6:23 AM Stop the presses! I just discovered that I have all the ingredients to cook spaghetti tonight for supper, including farm fresh beef and tomatoes. It won't be nearly as good as Becky Lynn's, but it will have to do. I think I'll make enough to last until Wednesday.

6:20 AM Ethiopia update (Day 3): Becky reports that the church in Alaba is holding a special service this afternoon for the returning missionaries. Also, Becky and her mom will be holding a class for women while Nathan teaches the young men and dad meets with the Alaba translation team. Representatives from the Deda church will also be on hand. You will recall that this is the church where two-thirds of the congregation of 300 have memorized Scripture passages and will be receiving Amharic Bibles. Time permitting, Becky and her parents plan to visit the old hotel where they stayed when they passed through Alaba in the mid-1960s. Becky still remembers the bed bugs and the cries of the hyenas. Speaking personally, I was overjoyed to be able to visit Alaba last winter. Becky and I did a great deal of teaching and evangelism, especially among the Muslims in the countryside. I can't wait to hear how Zemete is doing (we brought her to Addis for obstetric fistula surgery) and how Mohamed is doing in prison (the last time I visited him I took him a Bible). On our last evening in Alaba town our host family and the church elders presented us with water jugs and traditional Ethiopian clothing. Today Becky will be reunited with this family and with our brethren in that persecuted region.

Saturday, May 20

11:38 AM Almost forgot to mention it, but one of my students has just posted his essay on the purpose for the assembling of the New Testament church. It's excellent. Go here for a hyperlink to the .pdf file.

11:32 AM The cows have been moved. I didn't need Trav after all. Mimicking Nate's "cow call" they simply followed me, docilely, right through the gate and into their new home.

10:28 AM Right now it's 5:28 pm in Addis Ababa. Current temperature: a perfect 77 degrees. Dinner is at 6 o'clock. I imagine all the ladies are getting into their beautiful Ethiopian dresses for the occasion. I wish I could be there to hear Emebet play and sing her original praise songs in Amharic. As for me, I've got to move all the cattle into another pasture today. Maybe I should saddle up Traveler and round them up on horseback. Wouldn't that be a trip.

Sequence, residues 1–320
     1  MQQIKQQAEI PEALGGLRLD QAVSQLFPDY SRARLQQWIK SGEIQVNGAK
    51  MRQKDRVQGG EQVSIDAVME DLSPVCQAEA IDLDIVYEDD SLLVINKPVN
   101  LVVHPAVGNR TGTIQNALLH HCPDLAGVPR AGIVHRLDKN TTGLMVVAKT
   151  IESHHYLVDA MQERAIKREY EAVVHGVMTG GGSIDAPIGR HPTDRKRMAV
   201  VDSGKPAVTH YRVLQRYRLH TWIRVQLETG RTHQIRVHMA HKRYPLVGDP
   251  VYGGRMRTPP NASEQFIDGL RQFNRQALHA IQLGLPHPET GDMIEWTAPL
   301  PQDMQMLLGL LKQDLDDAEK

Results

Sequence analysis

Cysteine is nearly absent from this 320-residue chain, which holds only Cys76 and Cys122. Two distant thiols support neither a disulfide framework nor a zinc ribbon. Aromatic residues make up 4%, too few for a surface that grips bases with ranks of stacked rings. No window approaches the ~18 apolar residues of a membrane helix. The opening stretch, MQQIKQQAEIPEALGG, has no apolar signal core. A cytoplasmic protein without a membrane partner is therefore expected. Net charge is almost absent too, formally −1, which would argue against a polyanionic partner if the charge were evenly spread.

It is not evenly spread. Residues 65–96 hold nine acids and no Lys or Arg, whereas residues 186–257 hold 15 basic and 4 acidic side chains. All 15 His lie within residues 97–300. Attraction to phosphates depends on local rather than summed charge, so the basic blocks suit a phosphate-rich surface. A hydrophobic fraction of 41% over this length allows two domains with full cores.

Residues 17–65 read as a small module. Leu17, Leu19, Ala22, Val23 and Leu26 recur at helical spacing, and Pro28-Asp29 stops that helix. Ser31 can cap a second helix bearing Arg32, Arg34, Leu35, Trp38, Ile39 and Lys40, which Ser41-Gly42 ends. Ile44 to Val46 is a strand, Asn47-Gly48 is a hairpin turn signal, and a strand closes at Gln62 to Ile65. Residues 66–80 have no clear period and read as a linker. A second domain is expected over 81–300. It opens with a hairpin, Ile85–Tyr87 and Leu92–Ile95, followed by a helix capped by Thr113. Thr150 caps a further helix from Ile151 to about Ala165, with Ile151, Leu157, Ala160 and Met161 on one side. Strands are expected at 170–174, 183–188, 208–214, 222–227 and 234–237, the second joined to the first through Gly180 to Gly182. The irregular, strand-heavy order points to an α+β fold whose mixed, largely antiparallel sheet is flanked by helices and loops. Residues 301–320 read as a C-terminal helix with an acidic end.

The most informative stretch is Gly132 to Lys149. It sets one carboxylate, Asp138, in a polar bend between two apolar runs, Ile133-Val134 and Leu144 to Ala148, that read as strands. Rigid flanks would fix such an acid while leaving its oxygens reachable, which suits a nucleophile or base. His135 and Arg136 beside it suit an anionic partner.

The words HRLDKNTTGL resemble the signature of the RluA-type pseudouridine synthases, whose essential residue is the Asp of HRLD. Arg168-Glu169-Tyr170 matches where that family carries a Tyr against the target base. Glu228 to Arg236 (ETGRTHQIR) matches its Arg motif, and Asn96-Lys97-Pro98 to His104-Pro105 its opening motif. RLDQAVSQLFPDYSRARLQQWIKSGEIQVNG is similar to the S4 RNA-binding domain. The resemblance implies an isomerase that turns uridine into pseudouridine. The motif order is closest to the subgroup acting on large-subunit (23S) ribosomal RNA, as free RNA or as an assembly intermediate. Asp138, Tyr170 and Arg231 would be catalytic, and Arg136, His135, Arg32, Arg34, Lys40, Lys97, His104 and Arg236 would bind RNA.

9:23 AM Tonight is the big family dinner at the Dashen restaurant in Addis. Six of our eight Ethiopian sons will be there. Here's a photo taken at the Dashen during our visit to Ethiopia last winter.

From left to right you are looking at:

1) David, from the Muslim province of Alaba. David was born "Ahmed" and was one of the first converts to Christianity in his village. On June 3 he will graduate from the Evangelical Theological College (ETC) in Addis Ababa and then be returning to Alaba. He is a very gifted evangelist and teacher.

2) Biruk, from Hosanna in Hadiya. Hosanna was one of my in-laws' mission stations. Biruk's passion and love for the Lord Jesus is incomparable. He is graduating from Addis Ababa Bible College on May 27.

3) Bereket, from Gonder. He was born "Azanou" ("Sorrow") and was essentially blind until his cornea transplant last September, when he also received spiritual sight. His new name ("Blessing") is most appropriate: he already is a huge blessing to everyone who knows him.

4) Samuel, also from Hadiya. Samuel is finishing his first year at ETC. He and Bereket plan to do village-to-village evangelism this summer in Gonder. Samuel has a gigantic servant's heart.

5) Fasil, from Addis. Fasil is finishing his masters degree in biblical studies and teaching New Testament and Greek at ETC. He has been our indispensable "Timothy" during our trips to Ethiopia. I think he loves his Greek New Testament almost as much as I do mine. Fasil is loved by all.

6) Nigussie, also from Alaba. Nigussie is graduating from ETC and plans to return to serve the Lord in Alaba. Like his compatriot David, he is very gifted in evangelism and teaching.

To say that we enjoy our family meals would be a gross understatement.

9:08 AM I recently mentioned I've been giving a lot of thought and prayer to what I should say when I give some commencement remarks next Friday. Odd, but just as I was waking up this morning the Lord put into my mind the exact message I should bring, including the Scripture. He doesn't do this very often, and certainly not when I am only half awake.

8:48 AM So guess what I just did? Read an email from my beloved. None of their luggage got lost, and her mom and dad slept for about 5 hours on the plane between Frankfurt and Khartoum; the flight had many empty seats, which is very unusual. Becky and her mother changed into their national Ethiopian dresses to arrive in. All of our adopted children, including Emebet, came to the airport to meet them, carrying long-stem red roses for each.